“You sure do have some gumption…walking in to that room, saying the things you said.” I wheeled around to see an unnamed distributor wearing a black pullover with a grey Bud logo over his heart grinning at me. He found me pacing the hallway outside of the Picasso Ballroom at the Omni Hotel on Michigan Avenue, coming down from my presentation before twenty-or-so members of the Associated Beer Distributors of Illinois. My time behind the podium was only supposed to last 30 minutes, including 5 minutes set aside for Q & A. I wound up spending an hour standing before a roomful of distributors talking up locally brewed craft beer and answering their questions.
Before I get in to the meat and potatoes of what I said, and what they asked, there were two distinct impressions that roomful of distributors left me with. (1) They’re not as hell-bent on destroying craft beer as some of us think and (2) there are some pretty sizable misconceptions that the craft beer community has about distributors and that distributors have about craft beer and craft brewers.
If you read my post last week, then you know the game plan I had going in to the presentation. I essentially wanted to give the distributors present a snapshot of the current state of craft beer in Illinois and where it was headed; with an emphasis on small batch brewing. While I didn’t stray too far from my original message I did find myself veering off course a little thanks in part to some conversations I had with distributors before my presentation and the presenter who spoke before me.
“Right now, craft beer is the prettiest girl at the dance,” bellowed John Conlin – who runs Conlin Beverage Consulting. Well, he certainly had my attention.
Conlin, who lives in Colorado and travels the country working with distributors, interspersed other observations about craft beer in his hour-long presentation before the ABDI. At one point he chastised craft brewers for wanting “exceptions” (self-distribution rights) and questioned why a distributor should take a chance on a small, up-and-coming craft brewer. He went so far as to wonder aloud, why a small craft brewer should have access to the distributor’s thousands of bars, restaurants and liquor stores. What’s in it for the distributor – what do they (the craft brewer) bring to the table? He questioned.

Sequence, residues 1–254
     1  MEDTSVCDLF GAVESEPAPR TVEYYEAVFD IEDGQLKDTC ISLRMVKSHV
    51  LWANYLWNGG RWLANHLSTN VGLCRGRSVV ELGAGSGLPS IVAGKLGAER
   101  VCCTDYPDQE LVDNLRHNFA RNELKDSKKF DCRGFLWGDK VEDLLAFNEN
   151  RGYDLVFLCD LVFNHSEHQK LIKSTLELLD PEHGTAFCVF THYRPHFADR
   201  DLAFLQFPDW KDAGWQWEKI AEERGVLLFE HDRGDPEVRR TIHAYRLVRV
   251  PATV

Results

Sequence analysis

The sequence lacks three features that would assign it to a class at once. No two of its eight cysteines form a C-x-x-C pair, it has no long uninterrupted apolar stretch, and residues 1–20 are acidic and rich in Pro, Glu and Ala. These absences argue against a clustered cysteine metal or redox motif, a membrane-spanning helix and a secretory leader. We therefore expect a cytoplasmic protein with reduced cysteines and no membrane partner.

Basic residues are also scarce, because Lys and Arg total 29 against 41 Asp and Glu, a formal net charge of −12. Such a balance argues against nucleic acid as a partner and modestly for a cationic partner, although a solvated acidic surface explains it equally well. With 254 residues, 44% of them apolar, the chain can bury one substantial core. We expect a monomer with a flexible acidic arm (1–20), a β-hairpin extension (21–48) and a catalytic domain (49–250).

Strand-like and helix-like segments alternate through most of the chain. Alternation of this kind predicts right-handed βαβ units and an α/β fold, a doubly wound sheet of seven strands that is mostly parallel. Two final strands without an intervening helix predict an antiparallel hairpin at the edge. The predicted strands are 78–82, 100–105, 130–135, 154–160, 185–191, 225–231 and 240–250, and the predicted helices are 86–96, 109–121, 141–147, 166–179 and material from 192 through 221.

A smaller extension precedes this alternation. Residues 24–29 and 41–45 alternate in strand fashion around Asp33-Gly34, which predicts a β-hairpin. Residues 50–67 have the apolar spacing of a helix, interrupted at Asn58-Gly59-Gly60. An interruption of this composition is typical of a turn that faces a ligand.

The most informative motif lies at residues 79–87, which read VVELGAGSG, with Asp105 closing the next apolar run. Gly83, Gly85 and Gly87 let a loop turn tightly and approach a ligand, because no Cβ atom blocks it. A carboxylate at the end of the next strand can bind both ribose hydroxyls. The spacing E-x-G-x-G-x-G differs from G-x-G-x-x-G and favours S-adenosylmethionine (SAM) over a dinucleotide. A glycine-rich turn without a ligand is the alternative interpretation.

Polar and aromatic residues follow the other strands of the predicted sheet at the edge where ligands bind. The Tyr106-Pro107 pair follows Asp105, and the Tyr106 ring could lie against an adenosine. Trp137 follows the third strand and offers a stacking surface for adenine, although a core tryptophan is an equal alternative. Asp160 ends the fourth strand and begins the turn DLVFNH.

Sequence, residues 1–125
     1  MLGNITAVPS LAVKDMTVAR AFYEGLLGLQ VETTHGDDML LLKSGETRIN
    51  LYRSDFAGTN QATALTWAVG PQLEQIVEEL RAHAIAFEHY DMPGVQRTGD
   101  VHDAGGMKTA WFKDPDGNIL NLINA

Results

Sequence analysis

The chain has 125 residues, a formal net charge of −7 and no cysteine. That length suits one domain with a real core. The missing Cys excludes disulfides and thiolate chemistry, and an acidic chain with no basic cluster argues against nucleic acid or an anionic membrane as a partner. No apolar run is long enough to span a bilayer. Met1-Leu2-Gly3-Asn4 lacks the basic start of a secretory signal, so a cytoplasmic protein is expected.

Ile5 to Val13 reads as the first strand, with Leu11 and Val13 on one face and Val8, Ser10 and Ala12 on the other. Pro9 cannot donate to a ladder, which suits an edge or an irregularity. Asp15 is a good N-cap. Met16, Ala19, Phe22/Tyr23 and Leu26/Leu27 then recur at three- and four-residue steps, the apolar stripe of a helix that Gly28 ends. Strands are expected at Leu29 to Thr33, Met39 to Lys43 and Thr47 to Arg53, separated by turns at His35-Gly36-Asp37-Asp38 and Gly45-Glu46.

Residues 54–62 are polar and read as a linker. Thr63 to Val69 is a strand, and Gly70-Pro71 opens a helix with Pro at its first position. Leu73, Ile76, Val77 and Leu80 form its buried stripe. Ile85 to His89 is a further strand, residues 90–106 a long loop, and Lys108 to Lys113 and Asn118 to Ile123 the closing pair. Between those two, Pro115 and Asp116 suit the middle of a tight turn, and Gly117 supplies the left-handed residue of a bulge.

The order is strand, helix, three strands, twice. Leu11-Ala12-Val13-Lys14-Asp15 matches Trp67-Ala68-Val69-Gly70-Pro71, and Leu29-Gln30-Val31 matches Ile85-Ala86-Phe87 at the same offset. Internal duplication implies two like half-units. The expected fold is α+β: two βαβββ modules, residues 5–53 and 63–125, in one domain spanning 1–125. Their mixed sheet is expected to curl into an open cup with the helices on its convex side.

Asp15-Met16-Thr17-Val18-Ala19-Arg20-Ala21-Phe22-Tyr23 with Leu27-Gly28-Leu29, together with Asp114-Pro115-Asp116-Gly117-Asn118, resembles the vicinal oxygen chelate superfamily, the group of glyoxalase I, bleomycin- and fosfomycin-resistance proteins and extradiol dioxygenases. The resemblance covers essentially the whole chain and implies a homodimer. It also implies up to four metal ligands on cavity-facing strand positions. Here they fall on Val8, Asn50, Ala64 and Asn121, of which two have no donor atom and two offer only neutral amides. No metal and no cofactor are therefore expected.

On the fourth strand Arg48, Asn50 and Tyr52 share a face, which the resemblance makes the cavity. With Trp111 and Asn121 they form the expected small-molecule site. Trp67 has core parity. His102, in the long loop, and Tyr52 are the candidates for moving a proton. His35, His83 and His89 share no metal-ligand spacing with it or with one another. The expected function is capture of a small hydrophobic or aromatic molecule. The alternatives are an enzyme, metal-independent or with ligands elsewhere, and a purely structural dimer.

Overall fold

I scribbled notes furiously as if I was preparing to cross-examine a witness. Then, John insinuated something that caused me to drop my pen and do a double-take; that craft brewers didn’t appreciate the three-tier system and that distributors should remind them (read: hold it over their head) what it’s done for them. Sure, there are plenty of brewers that would love to toss out the three-tier system but I think – for the most part – craft brewers benefit in some ways from it – and know that, maybe.
As I stepped to the podium I congratulated John on imploding about a quarter of my speech and also thanked him for giving me plenty of things to talk about. I then launched in to my presentation talking about who I was and why I was there, this site and Save The Craft. I tried to give the distributors a look in to the mind of a craft beer drinker; why we like what we like and why we’ll try just about any style of beer from any brewery once. I talked about the brewer too; giving them the back story of Argus Brewery and the soon-to-open New Chicago Beer Company. I also introduced them to the small and upcoming 4Paws and Scratch Brewing. To segue between the two breweries that had distributors and those that didn’t I posed a question to the room, “How many of you have craft beer reps or a craft beer manager?” To my surprise, almost everyone raised their hand.